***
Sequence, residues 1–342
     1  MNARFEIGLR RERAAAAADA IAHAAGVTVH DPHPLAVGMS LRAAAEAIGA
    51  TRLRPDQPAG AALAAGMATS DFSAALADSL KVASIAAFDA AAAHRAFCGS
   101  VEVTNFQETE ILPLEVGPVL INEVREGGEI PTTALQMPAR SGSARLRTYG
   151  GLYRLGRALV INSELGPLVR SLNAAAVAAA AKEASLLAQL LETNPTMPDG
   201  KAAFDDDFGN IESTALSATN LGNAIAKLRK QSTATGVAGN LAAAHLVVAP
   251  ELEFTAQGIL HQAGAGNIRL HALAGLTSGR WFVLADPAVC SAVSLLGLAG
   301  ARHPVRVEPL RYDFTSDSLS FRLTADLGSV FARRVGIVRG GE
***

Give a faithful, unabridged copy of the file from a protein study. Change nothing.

Sequence, residues 1–342
     1  MNARFEIGLR RERAAAAADA IAHAAGVTVH DPHPLAVGMS LRAAAEAIGA
    51  TRLRPDQPAG AALAAGMATS DFSAALADSL KVASIAAFDA AAAHRAFCGS
   101  VEVTNFQETE ILPLEVGPVL INEVREGGEI PTTALQMPAR SGSARLRTYG
   151  GLYRLGRALV INSELGPLVR SLNAAAVAAA AKEASLLAQL LETNPTMPDG
   201  KAAFDDDFGN IESTALSATN LGNAIAKLRK QSTATGVAGN LAAAHLVVAP
   251  ELEFTAQGIL HQAGAGNIRL HALAGLTSGR WFVLADPAVC SAVSLLGLAG
   301  ARHPVRVEPL RYDFTSDSLS FRLTADLGSV FARRVGIVRG GE